Whenever you’re in the planning stages for your next Utah real estate venture, the best available Utah mortgage rate is a number you look for. Whether you are thinking of a purchase of a new Utah home or simply refinancing your existing property, that rate determines how much you will pay each month.
You would think that getting a good idea of what that number is should be pretty easy. Certainly you would be encouraged by what you find on the web. That number—the mortgage rate—is available online almost everywhere you turn. It’s in TV ads. It’s on the radio. It’s almost looking for you.
But as everyone soon learns, those numbers aren’t exactly the ones that you need. What appears in the ads and pop-ups isn’t necessarily that number (if by “that number” you mean the mortgage rate you will wind up paying).
This whole topic was addressed this last weekend by USA Today in an article that did a good job of explaining why the actual mortgage rate that most applicants will be offered is not readily available. The rates in the ads are called the “published” rates. Unlike many other kinds of consumer advertisements, in mortgage financial parlance, a “published” rate isn’t the same as a “promised” rate. As this month’s survey by Freddie Mac specified, the mortgage rate average of 3.45% was on average only available to customers who chose to pay an additional fee—in this case, .5 point of the loan amount. For a $275,000 loan, that would cost the borrower $1,375 up front to get the “published” mortgage loan rate.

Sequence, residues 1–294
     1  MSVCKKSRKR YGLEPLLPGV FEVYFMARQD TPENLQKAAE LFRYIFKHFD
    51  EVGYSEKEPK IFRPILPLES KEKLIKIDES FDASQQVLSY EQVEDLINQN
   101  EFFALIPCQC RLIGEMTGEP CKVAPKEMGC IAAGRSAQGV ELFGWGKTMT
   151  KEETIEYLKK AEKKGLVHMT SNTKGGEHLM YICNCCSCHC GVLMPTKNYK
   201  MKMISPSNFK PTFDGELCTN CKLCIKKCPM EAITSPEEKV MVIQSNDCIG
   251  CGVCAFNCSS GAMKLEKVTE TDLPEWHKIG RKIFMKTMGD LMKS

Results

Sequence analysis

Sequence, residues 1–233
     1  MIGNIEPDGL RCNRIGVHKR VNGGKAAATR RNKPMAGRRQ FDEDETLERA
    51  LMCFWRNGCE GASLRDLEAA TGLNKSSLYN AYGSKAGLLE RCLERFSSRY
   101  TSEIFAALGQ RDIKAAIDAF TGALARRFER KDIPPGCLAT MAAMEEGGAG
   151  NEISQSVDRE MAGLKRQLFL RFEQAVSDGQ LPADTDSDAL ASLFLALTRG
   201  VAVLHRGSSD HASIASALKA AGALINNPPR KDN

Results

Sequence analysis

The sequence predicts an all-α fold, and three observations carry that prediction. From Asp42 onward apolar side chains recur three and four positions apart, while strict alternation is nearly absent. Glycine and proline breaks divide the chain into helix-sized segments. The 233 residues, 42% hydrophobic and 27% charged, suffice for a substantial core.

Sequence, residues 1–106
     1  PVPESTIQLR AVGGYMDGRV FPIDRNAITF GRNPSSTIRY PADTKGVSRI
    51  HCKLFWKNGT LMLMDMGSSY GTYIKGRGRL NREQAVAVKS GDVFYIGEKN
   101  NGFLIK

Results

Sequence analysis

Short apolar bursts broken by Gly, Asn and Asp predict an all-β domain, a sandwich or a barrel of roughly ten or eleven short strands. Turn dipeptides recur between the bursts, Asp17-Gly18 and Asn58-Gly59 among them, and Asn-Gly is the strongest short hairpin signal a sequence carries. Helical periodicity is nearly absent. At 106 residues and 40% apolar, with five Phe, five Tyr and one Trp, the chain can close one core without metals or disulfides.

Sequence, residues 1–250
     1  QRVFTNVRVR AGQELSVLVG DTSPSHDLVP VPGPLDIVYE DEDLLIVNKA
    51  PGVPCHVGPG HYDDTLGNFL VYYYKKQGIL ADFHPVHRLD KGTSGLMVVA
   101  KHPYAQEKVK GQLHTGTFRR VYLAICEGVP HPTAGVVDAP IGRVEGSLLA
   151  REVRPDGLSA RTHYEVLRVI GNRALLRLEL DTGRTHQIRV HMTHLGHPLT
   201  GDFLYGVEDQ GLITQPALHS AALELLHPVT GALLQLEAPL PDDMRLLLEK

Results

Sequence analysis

That isn’t the only wrinkle. As USA Today put it, “Lenders also publish rates that have very specific prerequisites.” The rate may only apply to applicants with specific credit scores. The rate might call for a minimum loan-to-value percentage, too—or only be available in specific areas (which may or may not include Utah).
This might sound like a deliberate bait-and-switch tactic by the lenders, but when you get to the reasons for all the razzmatazz, it’s actually necessary. Utah’s mortgage lenders are able to keep rates competitively low by only lending to borrowers who have a very good chance of repaying the loan. Those whose histories indicate that they pose a higher risk of not being able to keep up their monthly payments have to expect that they will be quoted a higher interest rate. The last time mortgage lenders stopped doing a good job of those risk calculations, it triggered what we now call “the great recession”—and just about everyone paid a price for that.
So it may be inconvenient, but in order to really find out what your true interest rate will be for a specific real estate transaction, you have to go through the motions of applying for it. In this age of readily available instant information, that can seem like a run-around—but it’s necessary. I’m here to make this and every other aspect of your Utah real estate doings as easy as possible. Call me!